Bring out the scary meds

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It is a truth universally acknowledged that the first reflex of a British parent when their children are ill is to reach for the Calpol or Nurofen.

For non-Brits, I’m talking about liquid paracetamol, generally strawberry-flavoured, that comes with a syringe to administer straight into your infant’s mouth; like kids’ Doliprane in France. And most kids like it a lot, and by that I mean ‘would like it on tap, thank you very much’. Little Girl, upon spotting the bottle of calpol, has been known to try to convince me she is at death’s door and say with a sad voice ‘maman, I’m not very well, I need some calpol.’ Yeah, right.

What has always puzzled me, is the fact that there is no alternative over-the-counter medicine for children. So what do the parents of the refluxy-vomitty child do if he or she is not well on top of the refluxy-vomitty thing? Or in my case, what to do with a child who HATES Calpol? Luciole will go to quite some lengths to not ingest it. Let it dribble out, turn her head away, full body escape attempt, gagging if it as much as touches her lips; with a lot of wailing and general mayhem. It gives me stress-induced palpitations just to think about it. She really does hate the stuff, and there is nothing else to be had.

She’s been ill this past week with a really high fever and has dug her heels in at every attempt to get the meds inside her so I went to the GP and got what I was hoping for: suppositories. I could have hugged her. I barely restrained myself from going ‘yesssss’ and do a fist-pump. She looked quite taken aback at the joy on my face, which is not surprising because I would bet she rarely gets this kind of reaction at the mention of suppositories.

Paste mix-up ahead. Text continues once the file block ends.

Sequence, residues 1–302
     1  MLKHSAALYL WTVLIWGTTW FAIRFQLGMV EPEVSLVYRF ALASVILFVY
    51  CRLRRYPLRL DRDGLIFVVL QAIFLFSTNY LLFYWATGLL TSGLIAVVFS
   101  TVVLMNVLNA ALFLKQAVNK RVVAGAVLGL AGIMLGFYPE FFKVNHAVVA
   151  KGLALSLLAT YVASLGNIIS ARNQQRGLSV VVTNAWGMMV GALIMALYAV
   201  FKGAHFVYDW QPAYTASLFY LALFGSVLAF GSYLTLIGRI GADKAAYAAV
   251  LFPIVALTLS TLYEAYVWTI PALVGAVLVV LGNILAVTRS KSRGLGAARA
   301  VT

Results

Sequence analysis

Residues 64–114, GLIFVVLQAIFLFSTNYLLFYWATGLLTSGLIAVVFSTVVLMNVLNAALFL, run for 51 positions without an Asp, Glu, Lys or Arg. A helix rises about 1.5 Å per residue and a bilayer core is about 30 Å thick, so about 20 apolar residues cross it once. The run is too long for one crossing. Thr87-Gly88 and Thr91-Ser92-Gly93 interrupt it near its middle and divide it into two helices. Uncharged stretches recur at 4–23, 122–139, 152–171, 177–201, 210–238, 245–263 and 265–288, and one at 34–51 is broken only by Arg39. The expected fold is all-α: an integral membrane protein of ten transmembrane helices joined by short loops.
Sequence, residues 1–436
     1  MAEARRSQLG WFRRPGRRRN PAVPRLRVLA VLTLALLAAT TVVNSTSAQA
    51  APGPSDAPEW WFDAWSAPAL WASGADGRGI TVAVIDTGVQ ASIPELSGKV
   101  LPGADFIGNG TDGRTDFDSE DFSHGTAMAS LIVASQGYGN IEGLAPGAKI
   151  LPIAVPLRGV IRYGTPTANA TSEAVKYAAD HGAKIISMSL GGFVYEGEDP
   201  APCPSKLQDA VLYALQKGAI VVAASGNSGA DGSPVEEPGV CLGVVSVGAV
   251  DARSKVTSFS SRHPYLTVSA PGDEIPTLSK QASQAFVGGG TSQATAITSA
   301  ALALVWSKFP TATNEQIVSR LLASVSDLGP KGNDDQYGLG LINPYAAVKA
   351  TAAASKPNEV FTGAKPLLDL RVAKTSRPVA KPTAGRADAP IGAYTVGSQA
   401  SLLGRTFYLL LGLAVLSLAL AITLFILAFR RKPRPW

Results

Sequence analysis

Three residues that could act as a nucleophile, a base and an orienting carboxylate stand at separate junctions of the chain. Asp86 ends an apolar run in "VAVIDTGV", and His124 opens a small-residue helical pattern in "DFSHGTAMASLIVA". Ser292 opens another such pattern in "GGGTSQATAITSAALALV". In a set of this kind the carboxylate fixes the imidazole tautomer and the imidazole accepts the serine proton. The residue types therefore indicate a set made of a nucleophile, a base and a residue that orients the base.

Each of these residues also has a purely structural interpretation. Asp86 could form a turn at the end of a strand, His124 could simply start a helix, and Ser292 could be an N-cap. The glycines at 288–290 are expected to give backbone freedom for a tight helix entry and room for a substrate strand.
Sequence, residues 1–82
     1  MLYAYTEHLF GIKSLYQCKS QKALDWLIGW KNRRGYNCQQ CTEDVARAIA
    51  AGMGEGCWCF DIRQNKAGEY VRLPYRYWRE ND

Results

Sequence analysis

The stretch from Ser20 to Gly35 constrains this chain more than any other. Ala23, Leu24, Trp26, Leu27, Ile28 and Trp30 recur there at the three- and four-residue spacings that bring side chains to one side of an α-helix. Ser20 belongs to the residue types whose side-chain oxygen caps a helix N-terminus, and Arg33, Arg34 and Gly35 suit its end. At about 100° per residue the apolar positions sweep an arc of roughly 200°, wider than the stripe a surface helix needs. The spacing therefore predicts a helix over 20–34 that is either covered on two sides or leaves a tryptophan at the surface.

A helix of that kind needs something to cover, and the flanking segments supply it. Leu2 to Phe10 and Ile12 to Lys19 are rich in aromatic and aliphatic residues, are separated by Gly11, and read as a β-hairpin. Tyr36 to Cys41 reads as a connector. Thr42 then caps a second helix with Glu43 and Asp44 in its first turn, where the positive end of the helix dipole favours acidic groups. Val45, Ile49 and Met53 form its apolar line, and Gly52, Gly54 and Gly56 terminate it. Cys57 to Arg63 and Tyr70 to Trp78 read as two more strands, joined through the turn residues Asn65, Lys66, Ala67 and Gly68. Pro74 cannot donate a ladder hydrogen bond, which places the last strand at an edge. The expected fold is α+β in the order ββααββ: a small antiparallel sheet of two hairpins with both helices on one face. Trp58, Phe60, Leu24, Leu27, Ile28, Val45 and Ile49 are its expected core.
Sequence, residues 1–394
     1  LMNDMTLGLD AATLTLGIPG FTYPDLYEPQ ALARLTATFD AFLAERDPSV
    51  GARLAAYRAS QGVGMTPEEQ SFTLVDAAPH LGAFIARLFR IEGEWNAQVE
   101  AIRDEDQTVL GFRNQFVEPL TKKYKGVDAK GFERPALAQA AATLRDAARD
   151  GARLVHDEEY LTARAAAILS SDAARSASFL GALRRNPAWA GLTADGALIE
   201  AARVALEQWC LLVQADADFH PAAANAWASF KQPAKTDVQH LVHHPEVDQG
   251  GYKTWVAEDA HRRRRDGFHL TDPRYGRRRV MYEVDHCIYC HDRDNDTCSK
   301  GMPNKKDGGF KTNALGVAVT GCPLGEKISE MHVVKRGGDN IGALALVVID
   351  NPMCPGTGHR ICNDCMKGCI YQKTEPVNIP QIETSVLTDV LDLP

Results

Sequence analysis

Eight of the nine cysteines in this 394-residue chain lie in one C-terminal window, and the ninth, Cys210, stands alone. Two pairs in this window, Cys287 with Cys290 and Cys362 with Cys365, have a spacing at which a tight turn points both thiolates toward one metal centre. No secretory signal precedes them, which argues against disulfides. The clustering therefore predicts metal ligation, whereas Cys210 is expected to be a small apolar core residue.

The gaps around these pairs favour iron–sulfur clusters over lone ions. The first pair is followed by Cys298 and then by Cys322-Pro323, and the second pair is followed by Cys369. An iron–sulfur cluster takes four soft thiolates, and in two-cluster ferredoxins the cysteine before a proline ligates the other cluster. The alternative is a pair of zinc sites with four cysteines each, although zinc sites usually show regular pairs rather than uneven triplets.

There is this huge stigma around suppositories in this country. Literally everyone goes ‘ewww‘ and ‘only the French‘ when I talk about how suppositories are the best thing ever. And it drive me UP THE WALL. If you said or thought ‘eww’ when you read the dreaded word, know that right now, I am side-eyeing you and patronising the hell out of you because you know what, stop it this instant with the childishness. It is a perfectly acceptable way of administrating medicine and dare I say it, The Best Way when it comes to treating your sick child. It is safe. It is pain-free. It works almost instantly. And yes, it goes into the back passage. Big deal.

Right. Rant over. I think. Maybe.  I just don’t get the phobia at all when it solves so many problems in one smooth sweep (pun intended).

Suppositories: putting the fear of man into every Englishman's heart since forever
Suppositories: putting the fear of man into every Englishman’s heart since forever

I’d never given anyone a suppository before yesterday, and let me tell you, after the histrionics we’ve had around the Calpol in the last couple of days, this was by far the easiest, pain-free. stress-free and also most anti-climatic event ever. There was no mess, she barely noticed it happened when I did it at the end of her nappy change, and she was, as expected, much better within 15 minutes, and so that was that.